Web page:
Qld economy hit by declines in both private and public sector capital spending

It was unsurprising that the National Accounts data released by the ABS today showed the Australian economy continuing to grow at a sub-trend rate (2.5% through-the-year), and that Queensland was enduring a large shock from a decline in resources sector capital spending (see Pete Faulkner’s post GDP +0.5%/+2.5% broadly in line with expectations. QLD falls again). However, it was a bit surprising that a drop in public sector capital/investment spending, particularly by the State and Local General Government sector, was also a big driver of the 1% drop in State Final Demand recorded in the December quarter (see chart below, noting the first five columns add up to the sixth, and represent percentage point contributions to the quarterly change in State Final Demand of -1%).

SFD_contributions_Dec14

Much of State and Local General Government investment spending would comprise roads and other civil infrastructure built by Transport and Main Roads and local councils. Such spending has obviously been in decline, and it will be interesting to see what happens in future quarters, given there will now be no boost from funds that would have come from leasing out assets.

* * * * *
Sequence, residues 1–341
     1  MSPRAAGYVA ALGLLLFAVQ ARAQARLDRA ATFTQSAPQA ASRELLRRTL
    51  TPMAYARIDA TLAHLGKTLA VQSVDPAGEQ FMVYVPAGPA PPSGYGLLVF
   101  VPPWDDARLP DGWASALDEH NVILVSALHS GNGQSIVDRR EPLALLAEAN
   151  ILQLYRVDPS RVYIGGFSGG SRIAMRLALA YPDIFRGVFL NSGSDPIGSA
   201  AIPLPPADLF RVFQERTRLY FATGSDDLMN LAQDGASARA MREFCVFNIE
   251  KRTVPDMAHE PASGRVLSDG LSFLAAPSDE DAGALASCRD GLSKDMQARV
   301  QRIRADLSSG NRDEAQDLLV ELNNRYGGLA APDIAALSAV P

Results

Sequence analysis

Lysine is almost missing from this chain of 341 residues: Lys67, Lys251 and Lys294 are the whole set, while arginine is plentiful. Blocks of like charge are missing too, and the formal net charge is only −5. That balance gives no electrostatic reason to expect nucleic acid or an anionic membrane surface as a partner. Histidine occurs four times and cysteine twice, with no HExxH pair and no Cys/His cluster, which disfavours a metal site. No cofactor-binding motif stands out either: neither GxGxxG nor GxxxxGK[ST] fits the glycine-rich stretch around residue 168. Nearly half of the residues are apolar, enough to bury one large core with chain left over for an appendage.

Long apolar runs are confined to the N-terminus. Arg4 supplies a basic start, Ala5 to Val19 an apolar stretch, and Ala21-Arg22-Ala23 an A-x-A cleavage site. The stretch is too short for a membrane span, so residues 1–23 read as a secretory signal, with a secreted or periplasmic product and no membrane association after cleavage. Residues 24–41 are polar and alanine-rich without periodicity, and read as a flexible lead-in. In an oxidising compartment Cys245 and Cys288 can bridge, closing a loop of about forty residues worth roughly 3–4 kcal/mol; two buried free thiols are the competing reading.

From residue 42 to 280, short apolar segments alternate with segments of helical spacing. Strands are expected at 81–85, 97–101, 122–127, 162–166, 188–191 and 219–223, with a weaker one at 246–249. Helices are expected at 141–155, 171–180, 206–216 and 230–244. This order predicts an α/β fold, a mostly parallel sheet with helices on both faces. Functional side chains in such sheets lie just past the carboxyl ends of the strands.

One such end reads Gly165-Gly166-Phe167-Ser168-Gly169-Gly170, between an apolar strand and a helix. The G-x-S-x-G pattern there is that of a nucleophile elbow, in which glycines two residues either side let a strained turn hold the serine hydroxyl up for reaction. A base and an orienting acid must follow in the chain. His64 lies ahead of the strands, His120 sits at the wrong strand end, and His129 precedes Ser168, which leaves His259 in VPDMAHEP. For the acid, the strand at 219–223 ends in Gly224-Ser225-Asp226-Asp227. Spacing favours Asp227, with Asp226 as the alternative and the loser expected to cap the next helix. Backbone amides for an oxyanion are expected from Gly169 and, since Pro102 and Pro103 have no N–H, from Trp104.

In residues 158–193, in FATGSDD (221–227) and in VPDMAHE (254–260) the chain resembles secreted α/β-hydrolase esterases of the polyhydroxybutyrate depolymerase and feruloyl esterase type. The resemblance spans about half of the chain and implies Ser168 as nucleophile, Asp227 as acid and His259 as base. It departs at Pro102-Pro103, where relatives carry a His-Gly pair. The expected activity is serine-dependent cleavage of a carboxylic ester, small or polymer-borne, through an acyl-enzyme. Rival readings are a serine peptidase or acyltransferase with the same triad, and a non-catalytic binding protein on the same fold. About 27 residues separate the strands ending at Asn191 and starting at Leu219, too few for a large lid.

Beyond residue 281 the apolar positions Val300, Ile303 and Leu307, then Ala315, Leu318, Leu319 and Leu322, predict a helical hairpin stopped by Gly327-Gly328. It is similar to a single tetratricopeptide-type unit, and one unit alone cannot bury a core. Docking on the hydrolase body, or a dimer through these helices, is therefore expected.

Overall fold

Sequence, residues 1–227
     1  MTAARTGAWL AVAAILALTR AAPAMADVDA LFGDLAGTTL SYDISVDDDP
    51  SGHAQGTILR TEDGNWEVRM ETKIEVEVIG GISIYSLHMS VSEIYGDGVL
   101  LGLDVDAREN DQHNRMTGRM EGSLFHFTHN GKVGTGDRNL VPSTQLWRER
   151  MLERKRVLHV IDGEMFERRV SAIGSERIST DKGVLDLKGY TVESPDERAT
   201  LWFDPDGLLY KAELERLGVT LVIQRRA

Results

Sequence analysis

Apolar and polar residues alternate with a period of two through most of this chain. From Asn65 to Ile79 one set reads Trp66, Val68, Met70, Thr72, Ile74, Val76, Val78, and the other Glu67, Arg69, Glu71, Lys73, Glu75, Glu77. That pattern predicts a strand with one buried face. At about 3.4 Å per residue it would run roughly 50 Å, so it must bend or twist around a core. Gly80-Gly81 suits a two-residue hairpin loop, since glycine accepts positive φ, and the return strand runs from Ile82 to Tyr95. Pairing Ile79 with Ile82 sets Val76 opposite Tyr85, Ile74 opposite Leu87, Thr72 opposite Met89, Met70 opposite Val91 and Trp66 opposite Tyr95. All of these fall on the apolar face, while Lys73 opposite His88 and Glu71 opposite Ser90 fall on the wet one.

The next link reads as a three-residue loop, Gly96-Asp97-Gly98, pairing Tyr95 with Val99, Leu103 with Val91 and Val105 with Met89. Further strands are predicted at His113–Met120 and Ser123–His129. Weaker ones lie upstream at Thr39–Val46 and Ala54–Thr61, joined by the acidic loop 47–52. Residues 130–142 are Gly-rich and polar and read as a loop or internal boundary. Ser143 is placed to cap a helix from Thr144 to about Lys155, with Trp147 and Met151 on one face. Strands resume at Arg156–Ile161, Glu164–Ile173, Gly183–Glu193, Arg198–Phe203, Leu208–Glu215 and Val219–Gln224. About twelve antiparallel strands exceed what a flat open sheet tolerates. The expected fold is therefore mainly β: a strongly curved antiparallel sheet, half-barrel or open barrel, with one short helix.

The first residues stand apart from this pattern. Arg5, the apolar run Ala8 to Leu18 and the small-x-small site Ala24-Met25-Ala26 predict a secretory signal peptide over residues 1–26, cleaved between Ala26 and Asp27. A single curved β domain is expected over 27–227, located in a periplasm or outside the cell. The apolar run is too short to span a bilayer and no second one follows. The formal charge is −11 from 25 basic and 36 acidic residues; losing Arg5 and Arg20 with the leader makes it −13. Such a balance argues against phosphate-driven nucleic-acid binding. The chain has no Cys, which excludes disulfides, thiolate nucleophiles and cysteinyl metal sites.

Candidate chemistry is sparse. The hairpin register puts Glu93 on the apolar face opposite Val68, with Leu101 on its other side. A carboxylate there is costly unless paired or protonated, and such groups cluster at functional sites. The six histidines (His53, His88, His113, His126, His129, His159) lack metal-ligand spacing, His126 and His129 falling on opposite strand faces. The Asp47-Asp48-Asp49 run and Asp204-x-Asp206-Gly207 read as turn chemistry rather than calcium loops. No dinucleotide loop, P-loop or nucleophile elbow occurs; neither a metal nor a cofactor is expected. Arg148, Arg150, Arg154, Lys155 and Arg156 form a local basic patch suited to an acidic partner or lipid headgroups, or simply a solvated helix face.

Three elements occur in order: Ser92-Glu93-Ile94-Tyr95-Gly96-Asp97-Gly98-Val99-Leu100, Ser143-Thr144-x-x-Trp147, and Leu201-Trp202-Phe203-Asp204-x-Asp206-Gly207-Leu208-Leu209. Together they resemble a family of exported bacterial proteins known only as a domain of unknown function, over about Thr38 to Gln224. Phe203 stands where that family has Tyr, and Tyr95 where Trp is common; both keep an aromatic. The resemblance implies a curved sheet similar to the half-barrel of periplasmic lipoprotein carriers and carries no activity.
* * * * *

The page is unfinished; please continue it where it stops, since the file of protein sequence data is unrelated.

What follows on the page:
Finally, Queensland Treasury has produced an excellent information brief on the latest State Final Demand data, setting out contributions to the decline in State Final Demand in more detail than I have done. The brief also makes it clear that the actual performance of the Queensland economy over December quarter 2014 may not have been as bad as the State Final Demand numbers suggest, because they don’t account for exports (or imports), and there is data to suggest Queensland’s export performance over 2014 improved markedly. This would be as expected, as past resources sector investments will have translated into increased production and exports. That said, in my view, it seems reasonable to conclude that December quarter was still a poor one for the Queensland economy, particularly when one considers recent increases in unemployment.

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